After months of delays, it's almost certain that Memphis Fire Services will be able to get the eight alternative response vehicles (ARVs) it first proposed buying in January.
Thomas Malone, a district field service representative for the International Fire Fighters Association Local 1784, reversed the union's position against the vehicles during a city council committee meeting Tuesday, citing a "spirit of cooperation."
"I think [this issue] has been beat up enough and extended enough," he said. "We have bigger fish to fry right now."
Some of those fish include budget contraints and a continuing controversy over city pension funding.
Now that the fire department and union have agreed to go ahead with the ARV purchase, the proposal will go before the full council for a single vote today.
"It appears it's going to pass," said councilman Jim Strickland, chair of the Public Safety & Homeland Security Committee.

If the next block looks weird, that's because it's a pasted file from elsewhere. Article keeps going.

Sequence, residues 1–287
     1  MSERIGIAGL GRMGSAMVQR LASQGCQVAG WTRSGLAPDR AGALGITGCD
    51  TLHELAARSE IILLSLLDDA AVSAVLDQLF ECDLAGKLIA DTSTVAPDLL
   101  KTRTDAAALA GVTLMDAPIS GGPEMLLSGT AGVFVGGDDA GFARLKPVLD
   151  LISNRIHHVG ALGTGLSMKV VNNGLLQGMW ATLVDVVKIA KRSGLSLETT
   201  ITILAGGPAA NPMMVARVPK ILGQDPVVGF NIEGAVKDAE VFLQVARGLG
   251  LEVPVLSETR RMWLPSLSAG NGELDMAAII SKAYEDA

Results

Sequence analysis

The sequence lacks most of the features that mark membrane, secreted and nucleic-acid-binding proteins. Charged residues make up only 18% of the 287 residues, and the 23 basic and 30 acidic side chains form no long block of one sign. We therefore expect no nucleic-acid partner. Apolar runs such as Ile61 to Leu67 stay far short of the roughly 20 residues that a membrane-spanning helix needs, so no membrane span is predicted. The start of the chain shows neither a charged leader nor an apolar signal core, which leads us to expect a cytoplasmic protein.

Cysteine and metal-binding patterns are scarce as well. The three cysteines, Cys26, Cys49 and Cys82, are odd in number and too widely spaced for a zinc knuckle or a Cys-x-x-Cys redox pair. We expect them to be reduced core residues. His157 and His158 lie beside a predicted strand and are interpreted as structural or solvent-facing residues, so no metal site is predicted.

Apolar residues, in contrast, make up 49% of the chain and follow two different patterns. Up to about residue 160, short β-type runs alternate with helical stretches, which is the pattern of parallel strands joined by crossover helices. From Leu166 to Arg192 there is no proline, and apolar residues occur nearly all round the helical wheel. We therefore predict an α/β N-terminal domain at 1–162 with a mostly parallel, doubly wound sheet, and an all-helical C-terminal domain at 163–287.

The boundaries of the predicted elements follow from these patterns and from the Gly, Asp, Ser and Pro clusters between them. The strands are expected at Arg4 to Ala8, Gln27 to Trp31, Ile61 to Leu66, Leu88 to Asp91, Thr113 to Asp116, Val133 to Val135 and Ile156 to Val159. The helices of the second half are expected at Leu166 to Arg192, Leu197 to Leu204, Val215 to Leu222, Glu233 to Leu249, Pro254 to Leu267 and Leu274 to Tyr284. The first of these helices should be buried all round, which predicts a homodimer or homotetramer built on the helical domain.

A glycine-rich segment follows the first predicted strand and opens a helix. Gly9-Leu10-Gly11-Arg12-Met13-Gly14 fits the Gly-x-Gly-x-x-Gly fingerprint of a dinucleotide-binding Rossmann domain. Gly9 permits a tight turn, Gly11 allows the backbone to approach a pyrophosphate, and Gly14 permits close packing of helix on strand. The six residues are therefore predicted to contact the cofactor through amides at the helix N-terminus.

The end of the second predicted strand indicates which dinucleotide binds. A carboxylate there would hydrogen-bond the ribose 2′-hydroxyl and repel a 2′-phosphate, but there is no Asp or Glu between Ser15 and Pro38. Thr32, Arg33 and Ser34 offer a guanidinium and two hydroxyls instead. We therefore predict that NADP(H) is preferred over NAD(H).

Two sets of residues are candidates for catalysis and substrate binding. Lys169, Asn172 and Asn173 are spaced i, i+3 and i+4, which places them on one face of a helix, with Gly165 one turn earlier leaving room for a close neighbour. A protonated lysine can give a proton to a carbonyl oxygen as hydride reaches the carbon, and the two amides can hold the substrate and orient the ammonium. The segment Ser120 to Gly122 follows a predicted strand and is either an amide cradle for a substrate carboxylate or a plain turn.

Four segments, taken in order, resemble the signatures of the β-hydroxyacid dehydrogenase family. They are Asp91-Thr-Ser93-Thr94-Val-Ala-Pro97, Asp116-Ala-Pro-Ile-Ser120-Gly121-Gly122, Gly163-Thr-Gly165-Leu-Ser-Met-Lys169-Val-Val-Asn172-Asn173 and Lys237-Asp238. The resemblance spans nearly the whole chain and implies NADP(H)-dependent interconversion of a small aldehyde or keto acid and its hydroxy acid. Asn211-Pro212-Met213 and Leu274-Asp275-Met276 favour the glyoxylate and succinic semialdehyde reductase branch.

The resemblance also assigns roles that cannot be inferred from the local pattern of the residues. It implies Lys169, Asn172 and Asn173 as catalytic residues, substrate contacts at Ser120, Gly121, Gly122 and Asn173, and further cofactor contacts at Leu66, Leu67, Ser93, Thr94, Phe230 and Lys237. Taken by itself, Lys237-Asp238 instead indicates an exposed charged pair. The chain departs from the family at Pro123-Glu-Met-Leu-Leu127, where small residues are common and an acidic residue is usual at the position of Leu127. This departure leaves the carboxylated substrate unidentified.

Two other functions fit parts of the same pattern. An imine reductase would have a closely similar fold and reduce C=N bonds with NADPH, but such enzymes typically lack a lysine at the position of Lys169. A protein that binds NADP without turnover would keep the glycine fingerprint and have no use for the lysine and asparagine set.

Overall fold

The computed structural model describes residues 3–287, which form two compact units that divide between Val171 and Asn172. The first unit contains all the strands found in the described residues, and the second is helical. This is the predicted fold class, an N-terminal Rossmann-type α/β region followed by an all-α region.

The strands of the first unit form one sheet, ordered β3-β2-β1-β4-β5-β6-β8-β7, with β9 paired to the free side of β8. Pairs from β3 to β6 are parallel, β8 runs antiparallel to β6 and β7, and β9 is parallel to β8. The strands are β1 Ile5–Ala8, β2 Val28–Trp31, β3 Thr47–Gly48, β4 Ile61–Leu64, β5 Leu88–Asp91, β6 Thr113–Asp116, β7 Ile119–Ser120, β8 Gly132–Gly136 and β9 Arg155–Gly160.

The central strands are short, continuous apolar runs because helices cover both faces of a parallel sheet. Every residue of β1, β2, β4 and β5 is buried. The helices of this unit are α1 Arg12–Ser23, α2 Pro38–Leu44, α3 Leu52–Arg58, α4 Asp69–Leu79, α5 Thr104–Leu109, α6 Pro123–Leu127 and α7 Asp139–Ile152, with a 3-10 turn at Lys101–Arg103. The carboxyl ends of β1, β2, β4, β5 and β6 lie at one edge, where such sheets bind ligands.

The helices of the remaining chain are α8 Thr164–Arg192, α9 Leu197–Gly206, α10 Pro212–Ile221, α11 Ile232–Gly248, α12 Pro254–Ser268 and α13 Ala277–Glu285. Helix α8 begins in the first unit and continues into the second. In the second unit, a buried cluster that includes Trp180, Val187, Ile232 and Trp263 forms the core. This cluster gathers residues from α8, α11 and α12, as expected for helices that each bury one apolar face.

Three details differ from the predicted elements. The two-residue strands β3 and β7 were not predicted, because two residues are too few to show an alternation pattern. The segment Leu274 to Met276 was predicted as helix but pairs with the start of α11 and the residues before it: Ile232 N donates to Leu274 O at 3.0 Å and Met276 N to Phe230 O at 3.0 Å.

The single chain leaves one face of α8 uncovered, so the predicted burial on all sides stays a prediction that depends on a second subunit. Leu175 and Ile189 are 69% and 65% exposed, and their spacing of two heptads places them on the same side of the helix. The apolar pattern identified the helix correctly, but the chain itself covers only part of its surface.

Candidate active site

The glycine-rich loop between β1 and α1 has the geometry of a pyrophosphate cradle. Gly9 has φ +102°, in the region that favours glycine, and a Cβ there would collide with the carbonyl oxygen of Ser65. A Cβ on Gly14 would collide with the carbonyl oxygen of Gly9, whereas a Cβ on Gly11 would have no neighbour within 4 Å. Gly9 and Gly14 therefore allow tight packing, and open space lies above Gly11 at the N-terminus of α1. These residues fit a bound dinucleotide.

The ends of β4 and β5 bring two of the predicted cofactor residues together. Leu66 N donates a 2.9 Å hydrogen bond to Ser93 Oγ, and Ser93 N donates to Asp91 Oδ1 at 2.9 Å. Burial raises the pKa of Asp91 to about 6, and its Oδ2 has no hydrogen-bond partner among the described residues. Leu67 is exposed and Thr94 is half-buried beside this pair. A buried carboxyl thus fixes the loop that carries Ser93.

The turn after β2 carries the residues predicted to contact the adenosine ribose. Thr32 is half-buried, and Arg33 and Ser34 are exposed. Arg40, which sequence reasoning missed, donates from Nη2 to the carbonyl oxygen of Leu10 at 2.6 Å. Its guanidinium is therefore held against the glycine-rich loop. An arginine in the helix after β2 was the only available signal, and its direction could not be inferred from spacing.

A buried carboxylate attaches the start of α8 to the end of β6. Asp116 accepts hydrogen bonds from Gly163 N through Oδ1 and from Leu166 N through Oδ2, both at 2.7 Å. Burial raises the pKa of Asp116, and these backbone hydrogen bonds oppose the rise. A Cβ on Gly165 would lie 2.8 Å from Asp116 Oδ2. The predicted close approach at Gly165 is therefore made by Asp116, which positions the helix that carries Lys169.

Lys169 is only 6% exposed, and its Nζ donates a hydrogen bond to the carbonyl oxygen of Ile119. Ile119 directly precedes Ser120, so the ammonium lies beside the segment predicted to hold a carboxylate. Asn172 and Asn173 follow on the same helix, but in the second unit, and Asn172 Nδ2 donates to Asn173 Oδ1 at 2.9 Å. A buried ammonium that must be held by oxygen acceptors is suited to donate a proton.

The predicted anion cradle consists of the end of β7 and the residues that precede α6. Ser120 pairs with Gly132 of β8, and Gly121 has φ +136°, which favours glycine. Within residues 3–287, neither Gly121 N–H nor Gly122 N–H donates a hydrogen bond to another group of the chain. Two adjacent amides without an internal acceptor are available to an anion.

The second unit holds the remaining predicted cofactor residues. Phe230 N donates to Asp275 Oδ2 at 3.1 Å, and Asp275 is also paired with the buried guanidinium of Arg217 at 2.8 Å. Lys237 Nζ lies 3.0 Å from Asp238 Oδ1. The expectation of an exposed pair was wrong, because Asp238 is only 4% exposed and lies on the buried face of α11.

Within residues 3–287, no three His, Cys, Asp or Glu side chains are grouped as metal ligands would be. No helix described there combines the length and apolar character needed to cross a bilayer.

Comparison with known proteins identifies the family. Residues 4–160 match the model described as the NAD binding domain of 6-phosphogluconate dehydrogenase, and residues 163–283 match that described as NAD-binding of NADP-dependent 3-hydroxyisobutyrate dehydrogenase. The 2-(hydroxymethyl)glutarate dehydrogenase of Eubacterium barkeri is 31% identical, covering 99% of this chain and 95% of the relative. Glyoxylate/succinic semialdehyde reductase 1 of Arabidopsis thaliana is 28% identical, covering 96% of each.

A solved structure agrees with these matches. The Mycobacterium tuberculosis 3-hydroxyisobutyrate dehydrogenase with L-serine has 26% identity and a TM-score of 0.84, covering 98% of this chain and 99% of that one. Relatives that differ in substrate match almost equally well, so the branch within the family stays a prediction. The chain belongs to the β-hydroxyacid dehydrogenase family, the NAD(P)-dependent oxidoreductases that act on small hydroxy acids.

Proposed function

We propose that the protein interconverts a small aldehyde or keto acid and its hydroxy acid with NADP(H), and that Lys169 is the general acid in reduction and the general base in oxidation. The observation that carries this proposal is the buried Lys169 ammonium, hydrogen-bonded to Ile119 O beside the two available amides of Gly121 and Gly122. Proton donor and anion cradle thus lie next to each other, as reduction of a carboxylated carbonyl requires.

The ARVs, which respond to medical emergencies only, cost $62,500 apiece and could save the fire department anywhere from $4,000 to $17,000 a year in fuel, maintenance and other costs.
However, the vehicles can't transport victims to the hospital or fight fires, facts union members have clung to since the ARV proposal first came up on Jan. 4th. They would have preferred to buy full-fledged trucks that are more versatile in emergencies, but those same trucks can cost $500,000 or more.
Councilman Kemp Conrad, who sympathized with safety and other concerns, reminded everyone of the city's fiscal crisis and said ARVs ultimately are better than nothing.
"Let's not let perfect get in the way of good," he said. "I think this is a way we can keep our folks in the field doing what they're doing."
However, Strickland said he's still not convinced the ARVs represent a significant cost savings. He had requested an analysis of capital and operating savings from the fire department, but never got them.
"If things go well [with the ARVs], you'd want eight more?" he asked fire department director Alvin Benson.
"If funding is available," Benson answered.
If the ARV proposal passes today, the union's next step might be introducing a resolution to buy better apparatus.
"This can come back up at a later time when we're financially more sound," Malone said.